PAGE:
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Preschool teacher Michelle Nicholas helps two of her charges brush their teeth after breakfast.
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The iPad with the countdown app is in plain view while the kids brush.
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The iPad with the countdown app is in plain view while the kids brush.
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The kids get to stick a toothy image on the door of the bathroom as they take their turn.
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The kids brush their tongues several times after they brush their teeth.
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Nicholas demonstrates how the tongue is to be brushed.
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Nicholas gently assists a student in brushing.
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Children brush their teeth in twos in the Johnson School.

North Adams Preschoolers Now Brushing Their Teeth in School

By Rebecca DravisiBerkshires Staff
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Michelle Nicholas helps two of her students find their toothbrushes from the tray.

NORTH ADAMS, Mass. — In a football game, the two-minute warning signals that the end of the game is near. In reality, two minutes is a really, really, REALLY long time.

Just ask the preschoolers in the North Adams Public Schools Prekindergarten Program, who are the first to begin a new initiative in which kids brush their teeth after breakfast and lunch right at school.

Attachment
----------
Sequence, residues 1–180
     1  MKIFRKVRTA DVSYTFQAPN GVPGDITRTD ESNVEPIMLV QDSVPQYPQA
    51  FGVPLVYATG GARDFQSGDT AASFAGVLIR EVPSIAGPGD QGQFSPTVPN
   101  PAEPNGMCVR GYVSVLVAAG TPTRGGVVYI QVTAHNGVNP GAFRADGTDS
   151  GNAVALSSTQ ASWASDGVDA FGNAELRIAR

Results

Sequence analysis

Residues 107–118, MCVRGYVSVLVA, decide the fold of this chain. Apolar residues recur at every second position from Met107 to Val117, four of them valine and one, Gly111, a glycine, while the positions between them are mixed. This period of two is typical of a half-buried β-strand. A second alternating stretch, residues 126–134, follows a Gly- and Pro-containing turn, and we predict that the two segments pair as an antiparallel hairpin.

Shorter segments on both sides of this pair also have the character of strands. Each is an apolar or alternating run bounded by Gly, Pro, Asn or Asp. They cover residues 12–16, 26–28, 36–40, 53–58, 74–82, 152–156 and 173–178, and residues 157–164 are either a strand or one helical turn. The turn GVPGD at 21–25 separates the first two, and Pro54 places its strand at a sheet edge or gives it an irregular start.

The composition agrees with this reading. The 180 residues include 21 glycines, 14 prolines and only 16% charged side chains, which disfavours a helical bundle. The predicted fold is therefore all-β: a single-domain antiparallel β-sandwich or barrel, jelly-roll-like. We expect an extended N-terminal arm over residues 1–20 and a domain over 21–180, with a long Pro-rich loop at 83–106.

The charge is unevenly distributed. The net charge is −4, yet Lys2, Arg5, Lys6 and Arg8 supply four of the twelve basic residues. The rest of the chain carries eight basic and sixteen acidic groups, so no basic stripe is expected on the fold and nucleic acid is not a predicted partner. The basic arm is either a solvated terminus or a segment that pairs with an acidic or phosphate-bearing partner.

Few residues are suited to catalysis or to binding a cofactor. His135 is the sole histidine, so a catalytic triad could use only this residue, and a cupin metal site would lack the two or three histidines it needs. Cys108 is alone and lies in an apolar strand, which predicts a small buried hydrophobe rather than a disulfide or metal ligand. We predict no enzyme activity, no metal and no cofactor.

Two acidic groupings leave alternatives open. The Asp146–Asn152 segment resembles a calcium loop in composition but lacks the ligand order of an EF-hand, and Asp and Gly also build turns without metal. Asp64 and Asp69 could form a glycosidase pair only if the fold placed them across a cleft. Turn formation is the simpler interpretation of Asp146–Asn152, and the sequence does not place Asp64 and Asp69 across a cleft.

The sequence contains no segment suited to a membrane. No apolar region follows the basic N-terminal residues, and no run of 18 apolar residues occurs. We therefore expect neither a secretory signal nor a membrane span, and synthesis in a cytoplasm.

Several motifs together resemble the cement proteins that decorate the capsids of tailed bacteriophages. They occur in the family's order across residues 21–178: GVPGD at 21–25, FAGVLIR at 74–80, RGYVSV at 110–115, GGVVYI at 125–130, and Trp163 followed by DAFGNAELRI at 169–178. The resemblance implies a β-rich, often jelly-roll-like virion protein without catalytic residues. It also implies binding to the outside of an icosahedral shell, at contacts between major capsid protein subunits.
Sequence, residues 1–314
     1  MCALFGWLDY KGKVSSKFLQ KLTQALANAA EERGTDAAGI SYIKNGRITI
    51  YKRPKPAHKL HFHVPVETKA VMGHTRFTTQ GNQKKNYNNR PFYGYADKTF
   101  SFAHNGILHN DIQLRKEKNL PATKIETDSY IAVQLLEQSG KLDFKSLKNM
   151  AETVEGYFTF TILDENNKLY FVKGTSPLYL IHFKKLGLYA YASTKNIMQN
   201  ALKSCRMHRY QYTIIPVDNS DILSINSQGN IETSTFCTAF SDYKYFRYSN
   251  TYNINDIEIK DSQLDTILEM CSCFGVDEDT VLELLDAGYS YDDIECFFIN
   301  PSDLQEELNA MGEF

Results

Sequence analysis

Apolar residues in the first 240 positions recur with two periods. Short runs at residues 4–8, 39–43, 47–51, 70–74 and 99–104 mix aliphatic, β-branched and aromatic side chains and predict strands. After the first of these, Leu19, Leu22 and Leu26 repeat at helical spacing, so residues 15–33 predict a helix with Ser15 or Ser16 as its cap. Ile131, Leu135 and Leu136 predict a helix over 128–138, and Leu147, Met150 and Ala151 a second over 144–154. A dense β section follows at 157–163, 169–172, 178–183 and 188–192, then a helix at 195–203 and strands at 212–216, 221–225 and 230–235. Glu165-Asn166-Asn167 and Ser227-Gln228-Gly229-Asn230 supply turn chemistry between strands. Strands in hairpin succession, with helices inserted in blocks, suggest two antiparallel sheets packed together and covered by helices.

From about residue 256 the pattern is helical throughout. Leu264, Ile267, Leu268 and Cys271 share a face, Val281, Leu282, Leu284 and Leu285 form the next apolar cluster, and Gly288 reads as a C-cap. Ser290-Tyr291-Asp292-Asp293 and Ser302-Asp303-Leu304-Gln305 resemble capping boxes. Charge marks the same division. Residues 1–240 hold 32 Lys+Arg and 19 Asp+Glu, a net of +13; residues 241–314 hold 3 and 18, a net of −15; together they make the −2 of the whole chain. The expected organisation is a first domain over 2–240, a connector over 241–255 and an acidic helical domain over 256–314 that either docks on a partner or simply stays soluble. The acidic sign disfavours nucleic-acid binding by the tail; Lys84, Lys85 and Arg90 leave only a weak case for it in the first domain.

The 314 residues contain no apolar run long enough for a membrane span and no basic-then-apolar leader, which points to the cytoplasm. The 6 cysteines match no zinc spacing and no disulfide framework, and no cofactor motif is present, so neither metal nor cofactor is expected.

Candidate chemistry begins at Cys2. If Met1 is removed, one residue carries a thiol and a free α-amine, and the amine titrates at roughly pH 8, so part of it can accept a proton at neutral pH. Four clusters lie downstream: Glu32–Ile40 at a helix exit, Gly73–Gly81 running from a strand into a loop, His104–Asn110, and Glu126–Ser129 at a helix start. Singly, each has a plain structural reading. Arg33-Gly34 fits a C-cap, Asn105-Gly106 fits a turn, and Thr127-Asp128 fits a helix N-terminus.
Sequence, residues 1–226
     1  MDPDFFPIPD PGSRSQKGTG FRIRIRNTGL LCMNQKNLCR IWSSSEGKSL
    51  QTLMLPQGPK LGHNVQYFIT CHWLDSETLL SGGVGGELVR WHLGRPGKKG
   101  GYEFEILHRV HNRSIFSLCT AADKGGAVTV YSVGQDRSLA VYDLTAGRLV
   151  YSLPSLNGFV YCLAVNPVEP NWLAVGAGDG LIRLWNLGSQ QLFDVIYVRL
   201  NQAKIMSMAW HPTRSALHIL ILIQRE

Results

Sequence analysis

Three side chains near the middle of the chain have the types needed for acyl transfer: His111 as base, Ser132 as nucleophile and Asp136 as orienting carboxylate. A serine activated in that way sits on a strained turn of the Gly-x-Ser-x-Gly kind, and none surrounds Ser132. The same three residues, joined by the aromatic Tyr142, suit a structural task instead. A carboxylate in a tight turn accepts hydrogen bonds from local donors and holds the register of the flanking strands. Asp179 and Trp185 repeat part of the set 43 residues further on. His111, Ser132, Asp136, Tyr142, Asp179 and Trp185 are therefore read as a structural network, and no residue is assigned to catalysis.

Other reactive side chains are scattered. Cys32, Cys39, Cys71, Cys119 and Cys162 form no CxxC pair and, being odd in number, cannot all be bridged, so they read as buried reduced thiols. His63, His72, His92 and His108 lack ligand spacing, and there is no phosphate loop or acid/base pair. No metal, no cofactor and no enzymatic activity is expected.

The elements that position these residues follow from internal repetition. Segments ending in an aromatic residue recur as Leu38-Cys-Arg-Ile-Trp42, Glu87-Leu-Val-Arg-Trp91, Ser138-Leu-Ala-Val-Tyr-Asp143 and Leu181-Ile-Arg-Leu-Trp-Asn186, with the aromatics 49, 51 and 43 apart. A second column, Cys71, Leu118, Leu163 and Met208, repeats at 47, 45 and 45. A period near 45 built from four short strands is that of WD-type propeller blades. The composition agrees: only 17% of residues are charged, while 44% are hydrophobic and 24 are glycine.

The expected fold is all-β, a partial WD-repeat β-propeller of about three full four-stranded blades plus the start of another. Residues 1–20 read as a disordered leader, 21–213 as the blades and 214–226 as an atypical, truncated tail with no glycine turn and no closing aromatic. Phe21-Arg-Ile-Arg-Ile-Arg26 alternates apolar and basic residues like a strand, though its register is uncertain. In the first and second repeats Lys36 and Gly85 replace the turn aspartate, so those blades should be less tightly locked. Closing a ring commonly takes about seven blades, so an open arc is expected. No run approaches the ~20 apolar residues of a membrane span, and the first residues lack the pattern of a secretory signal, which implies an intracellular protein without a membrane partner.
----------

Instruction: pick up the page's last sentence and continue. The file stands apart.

"That's been the hardest thing," admitted preschool teacher Michelle Nicholas, who twice daily shepherds pairs of tots into the bathroom, asks them if they can remember which color toothbrush belongs to them, lets them choose between pink and blue toothpaste, and helps them through the two-minute process of scrubbing their little pearly whites.

To help make those two minutes go more quickly, Nicholas brings an iPad into the bathroom and uses the Colgate SmileMakers app, which plays a catchy little tune while counting down in large numbers that the children can see. Halfway through, the kids switch from brushing their bottom teeth to their top teeth, and at the end they brush their tongues.

"Teaching them front, back and side ties right into our curriculum," said Nicholas, a mother of two who has taught preschool for 12 years. "This is wonderful."

That was the goal of the program, initiated by local dentist Jenny Citrin. Citrin said that upon graduating from Tufts Dental School, she knew she wanted to do something in the community to promote oral health, something that is stressed in Tufts' mission statement.

She created the project while participating in a leadership program of Landmark, an international training and development company known for offering its flagship course The Landmark Forum; part of the coursework was to create a project that benefits the community. 

"There's a big issue in the area with high cavity rate and not knowing how to brush their teeth," Citrin said. That, coupled with the fact that the kids were eating in school with no way to brush afterward, spurred her into action to create a program that would introduce supervised brushing into school.

So she approached Superintendent of Schools Barbara Malkas and Maris Owczarski, a health administrator at Brayton Elementary School, and pitched the idea of a pre-K through Grade 5 in-school brushing program, starting with the preschoolers.

"They were on board," said Citrin, who added that Nicholas was particularly thrilled when approached about adding the brushing into her preschool classroom. "It was the one thing for her that was missing."


After finding their toothbrush, the children choose from blue or pink toothpaste.